Monday, April 04, 2011

Thoughts Without Words: FEWER people going into teaching

***changed from less to fewer to be grammatically correct. Thanks to Anonymous.***

Another no duh.

I have said it before, anyone going into education right now has to be a little off. But let's look at the numbers.
In California, the number of teaching credentials issued annually fell 29% during the last five years, from 28,039 in 2004-05 to 20,032 in 2009-10, according to a new report by the state Commission on Teacher Credentialing. The biggest decline, nearly a 50% drop during that period, was in the multiple subject credential usually required to teach elementary school youngsters, while some demand for high school math and science teachers remains.
The 50% in elementary credentials isn't that surprising to me. Districts are dumping the 20:1 ratio, so that leaves a lot of those lower grade level teachers out of a job. And in our district, enrollment for elementary is dropping. New families can't afford to live in CA, so they are moving out.

What about those currently in the programs?
At the Cal State University system, among the nation's biggest providers of new teachers, the number of students in credential classes is less than half of the total eight years ago. An estimated 12,000 students seeking teaching credentials are enrolled at Cal State campuses, officials said.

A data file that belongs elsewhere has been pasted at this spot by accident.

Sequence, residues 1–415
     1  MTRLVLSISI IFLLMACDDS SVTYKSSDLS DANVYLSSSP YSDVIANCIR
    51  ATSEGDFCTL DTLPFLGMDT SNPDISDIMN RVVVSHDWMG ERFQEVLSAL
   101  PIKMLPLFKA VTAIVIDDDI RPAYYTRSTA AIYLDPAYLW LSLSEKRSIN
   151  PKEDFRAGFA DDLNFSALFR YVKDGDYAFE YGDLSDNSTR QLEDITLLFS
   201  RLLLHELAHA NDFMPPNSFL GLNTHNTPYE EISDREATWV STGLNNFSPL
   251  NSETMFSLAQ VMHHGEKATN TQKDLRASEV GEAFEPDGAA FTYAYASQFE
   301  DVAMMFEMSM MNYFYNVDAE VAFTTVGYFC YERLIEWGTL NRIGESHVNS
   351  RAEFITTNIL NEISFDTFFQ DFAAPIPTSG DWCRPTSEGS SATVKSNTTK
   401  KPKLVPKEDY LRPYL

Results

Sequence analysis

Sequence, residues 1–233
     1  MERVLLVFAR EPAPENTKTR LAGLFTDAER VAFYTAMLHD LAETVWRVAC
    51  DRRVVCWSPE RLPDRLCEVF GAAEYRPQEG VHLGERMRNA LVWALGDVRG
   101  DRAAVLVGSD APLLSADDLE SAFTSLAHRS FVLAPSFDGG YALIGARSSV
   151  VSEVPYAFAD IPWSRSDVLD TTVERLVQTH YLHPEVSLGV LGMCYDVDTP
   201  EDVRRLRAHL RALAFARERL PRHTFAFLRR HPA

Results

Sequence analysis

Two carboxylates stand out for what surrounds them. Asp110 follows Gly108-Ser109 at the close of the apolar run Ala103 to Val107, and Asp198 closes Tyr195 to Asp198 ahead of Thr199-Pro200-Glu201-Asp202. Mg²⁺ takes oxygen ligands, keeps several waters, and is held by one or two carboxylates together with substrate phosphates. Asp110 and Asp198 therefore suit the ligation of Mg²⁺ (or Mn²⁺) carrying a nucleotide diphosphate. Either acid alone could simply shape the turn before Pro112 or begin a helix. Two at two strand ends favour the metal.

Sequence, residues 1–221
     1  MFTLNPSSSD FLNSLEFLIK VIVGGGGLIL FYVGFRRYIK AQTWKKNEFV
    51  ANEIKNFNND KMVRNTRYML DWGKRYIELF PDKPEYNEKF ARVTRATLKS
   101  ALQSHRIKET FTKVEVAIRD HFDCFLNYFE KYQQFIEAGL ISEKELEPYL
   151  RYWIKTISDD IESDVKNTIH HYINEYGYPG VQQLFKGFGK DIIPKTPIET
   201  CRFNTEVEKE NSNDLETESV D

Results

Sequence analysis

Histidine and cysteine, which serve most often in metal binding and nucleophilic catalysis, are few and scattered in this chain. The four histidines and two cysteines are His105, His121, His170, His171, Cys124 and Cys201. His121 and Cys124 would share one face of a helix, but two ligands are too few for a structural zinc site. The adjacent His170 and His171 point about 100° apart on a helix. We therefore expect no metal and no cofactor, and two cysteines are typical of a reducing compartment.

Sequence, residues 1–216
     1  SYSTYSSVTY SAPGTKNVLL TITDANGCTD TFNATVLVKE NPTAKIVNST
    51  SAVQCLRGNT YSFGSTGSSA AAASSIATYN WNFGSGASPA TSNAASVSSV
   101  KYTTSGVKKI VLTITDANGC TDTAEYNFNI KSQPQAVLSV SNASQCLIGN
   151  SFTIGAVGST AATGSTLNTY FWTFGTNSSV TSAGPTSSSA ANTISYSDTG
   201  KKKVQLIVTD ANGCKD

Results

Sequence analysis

Private schools?
National University, a nonprofit, multi-campus school that offers mainly online credential classes, reports that enrollment in its teacher training courses has dropped about 30% since 2006.
All no brainers. We are being attacked constantly. If a child doesn't succeed we are the first ones to blame. We are supposed to teach to a test, without teaching to a test. Who would want to go into education now?


Anonymous said...

Sorry to be picky, but wouldn't that be fewer teachers, not less?

Mr. W said...

I'm a math major, not english. To me they mean the same thing.

Anonymous said...

But that's the thing-it is math:
Use fewer with objects that can be counted one-by-one.

Use less with qualities or quantities that cannot be individually counted.

I wouldn't even bother but I read your blog faithfully and appreciate your insights.

Mr. W said...

impressive...most impressive.